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What Makes an Injury “Catastrophic”?

On Behalf of | Jun 29, 2016 | Medical Malpractice, Personal Injury

While there is no strict legal definition of a catastrophic injury, it generally means a severe injury that leads to either permanent or long-term disfigurement or disability. These types of injuries often include a lifetime of medical treatment, multiple surgeries, and a difficult recovery process. Two main factors to be considered when determining whether or not an injury can be defined as “catastrophic” is the extent of the disability, and how long the disability is expected to continue.

While not a strictly legal definition, the American Medical Association defines a catastrophic injury as a severe injury to the spine, spinal cord, or brain, and can also include fractures to the skull or spine. Other injuries that are often included in that list are the loss of a limb, severe burn injuries, and injuries that result in significant scarring.

  • Traumatic Brain Injuries: Traumatic brain injuries are caused by blows or impacts to the head or body, but the extent of the damage depends on factors including the force of the impact and nature of the impact. Traumatic brain injuries can include damage to brain cells, tearing of cellular structures, damaged blood vessels, damaged protective tissues, and bleeding in or around the brain. According to the Mayo Clinic, five of the most common events that can cause traumatic brain injuries are explosive blasts, falls, sports injuries, vehicle-related collisions, and violence, which can include gunshot wounds, among other things.
  • Spinal Cord Injuries: Spinal cord injuries are the result of damaged vertebrae, ligaments of the spinal column, discs of the spinal column, or to the spinal cord itself. While the initial injury may be severe, additional damage can occur over the following days or weeks due to bleeding, inflammation, swelling, and fluid accumulation in and around the spinal cord. If the injury affects the nerve fibers passing through the area, it could permanently impair or disable the corresponding nerves and muscles below the injury site. According to the Mayo Clinic, most spinal cord injuries in the U.S. are caused by acts of motor vehicle collisions, falls, violence, and sports and recreation activities.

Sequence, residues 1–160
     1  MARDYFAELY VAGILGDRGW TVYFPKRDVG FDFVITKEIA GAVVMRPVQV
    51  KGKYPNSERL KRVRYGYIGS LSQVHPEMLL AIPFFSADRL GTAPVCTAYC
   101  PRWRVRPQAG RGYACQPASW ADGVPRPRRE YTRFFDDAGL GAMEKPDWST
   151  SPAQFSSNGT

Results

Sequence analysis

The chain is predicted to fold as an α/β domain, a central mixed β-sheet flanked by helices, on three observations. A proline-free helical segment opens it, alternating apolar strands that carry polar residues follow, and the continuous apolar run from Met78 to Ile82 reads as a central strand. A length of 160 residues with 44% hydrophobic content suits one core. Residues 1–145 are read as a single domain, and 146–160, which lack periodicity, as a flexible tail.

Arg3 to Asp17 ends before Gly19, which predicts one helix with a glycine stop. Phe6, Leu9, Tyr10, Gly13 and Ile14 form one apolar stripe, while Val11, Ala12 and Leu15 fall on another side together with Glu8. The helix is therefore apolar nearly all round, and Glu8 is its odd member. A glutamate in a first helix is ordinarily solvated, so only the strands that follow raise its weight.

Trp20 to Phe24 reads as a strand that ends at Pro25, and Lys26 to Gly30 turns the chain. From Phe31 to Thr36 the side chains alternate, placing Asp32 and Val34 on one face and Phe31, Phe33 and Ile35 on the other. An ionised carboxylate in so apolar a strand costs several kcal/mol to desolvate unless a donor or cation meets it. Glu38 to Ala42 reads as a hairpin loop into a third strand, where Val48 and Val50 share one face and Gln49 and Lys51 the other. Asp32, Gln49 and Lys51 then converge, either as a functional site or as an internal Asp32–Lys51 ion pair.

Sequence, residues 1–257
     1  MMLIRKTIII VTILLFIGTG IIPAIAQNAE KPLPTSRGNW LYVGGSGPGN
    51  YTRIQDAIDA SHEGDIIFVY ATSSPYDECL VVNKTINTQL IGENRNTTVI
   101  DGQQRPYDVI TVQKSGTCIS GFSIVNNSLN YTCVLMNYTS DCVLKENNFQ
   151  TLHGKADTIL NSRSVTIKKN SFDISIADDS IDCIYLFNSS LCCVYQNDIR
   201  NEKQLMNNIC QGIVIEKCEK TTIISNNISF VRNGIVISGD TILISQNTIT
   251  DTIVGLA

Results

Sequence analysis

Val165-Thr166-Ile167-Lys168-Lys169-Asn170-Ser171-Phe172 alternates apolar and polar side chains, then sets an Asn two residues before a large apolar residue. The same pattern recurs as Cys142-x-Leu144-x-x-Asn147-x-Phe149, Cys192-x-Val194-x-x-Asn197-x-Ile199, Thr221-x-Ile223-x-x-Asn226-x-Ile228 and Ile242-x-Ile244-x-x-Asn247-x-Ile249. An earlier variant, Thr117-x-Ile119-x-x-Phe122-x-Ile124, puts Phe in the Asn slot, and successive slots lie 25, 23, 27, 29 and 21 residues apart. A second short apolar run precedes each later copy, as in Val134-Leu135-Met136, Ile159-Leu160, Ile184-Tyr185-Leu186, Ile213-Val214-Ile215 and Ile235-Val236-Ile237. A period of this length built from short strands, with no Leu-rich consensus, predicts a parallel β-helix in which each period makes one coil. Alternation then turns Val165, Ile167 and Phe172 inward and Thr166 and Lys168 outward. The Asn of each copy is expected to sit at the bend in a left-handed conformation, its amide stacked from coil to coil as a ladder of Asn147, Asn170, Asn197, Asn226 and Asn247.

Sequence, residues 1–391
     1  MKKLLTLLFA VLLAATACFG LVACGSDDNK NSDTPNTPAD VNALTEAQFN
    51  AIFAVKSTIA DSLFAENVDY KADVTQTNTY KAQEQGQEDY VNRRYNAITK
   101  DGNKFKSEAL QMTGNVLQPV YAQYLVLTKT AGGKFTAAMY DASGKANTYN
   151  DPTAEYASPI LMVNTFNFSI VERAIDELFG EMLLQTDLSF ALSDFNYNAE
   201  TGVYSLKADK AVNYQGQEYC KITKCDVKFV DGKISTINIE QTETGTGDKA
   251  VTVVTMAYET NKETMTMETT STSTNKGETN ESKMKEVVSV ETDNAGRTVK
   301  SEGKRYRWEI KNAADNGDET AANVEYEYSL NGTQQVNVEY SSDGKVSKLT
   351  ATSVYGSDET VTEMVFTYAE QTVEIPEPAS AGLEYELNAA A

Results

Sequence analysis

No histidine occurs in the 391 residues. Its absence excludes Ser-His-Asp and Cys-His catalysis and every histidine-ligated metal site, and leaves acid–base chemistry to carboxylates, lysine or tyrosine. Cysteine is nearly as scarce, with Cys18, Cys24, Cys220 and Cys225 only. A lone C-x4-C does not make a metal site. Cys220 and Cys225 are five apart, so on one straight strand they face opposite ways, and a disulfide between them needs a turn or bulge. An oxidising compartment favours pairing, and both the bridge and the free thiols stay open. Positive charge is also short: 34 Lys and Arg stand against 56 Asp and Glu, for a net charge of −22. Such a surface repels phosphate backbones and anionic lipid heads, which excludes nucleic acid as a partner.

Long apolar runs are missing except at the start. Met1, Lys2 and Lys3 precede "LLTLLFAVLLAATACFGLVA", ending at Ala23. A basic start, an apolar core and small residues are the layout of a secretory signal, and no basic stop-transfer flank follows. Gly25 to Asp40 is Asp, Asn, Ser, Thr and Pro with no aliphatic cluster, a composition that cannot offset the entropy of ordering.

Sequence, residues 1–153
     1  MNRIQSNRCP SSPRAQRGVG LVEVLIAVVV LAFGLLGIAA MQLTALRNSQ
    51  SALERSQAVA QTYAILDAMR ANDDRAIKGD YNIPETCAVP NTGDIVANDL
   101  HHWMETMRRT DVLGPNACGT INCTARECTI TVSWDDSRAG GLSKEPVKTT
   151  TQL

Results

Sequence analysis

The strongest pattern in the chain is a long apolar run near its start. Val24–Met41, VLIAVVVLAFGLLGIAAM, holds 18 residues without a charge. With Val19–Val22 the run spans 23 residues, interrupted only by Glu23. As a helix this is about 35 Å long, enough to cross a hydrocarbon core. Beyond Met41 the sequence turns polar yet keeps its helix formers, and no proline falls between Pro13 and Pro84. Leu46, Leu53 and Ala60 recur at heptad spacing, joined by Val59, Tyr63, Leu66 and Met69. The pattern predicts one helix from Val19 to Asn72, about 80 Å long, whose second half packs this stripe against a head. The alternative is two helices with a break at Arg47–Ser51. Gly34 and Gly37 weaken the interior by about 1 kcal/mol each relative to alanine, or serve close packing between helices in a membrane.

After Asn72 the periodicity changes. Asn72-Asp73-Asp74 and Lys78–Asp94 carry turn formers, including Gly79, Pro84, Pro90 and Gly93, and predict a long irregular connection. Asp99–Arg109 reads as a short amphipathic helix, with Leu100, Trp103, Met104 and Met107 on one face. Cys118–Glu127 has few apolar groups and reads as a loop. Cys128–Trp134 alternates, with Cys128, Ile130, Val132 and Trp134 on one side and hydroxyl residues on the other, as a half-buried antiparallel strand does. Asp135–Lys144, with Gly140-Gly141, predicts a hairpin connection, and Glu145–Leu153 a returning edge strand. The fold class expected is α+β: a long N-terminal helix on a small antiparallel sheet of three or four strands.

• Severe Burn Injuries: Severe burn injuries can be caused by a wide variety of sources, including electrical currents, fire, radiation, chemicals, and steam. Certain lines of work have a much higher risk of sustaining burns than others, but victims of vehicle crashes often sustain severe burns if gasoline leaks out and catches fire. While the burns can be incredibly painful and dangerous on their own, they often lead to complications like infections and permanent scarring.

Do you have a catastrophic injury? At Power Rogers, our catastrophic injury lawyers have the experience and skill necessary to fight for the results you deserve in your time of need. Contact us today through our website for a free case evaluation, or call us at 312-500-1792 to set up a meeting with one of our personal injury lawyers.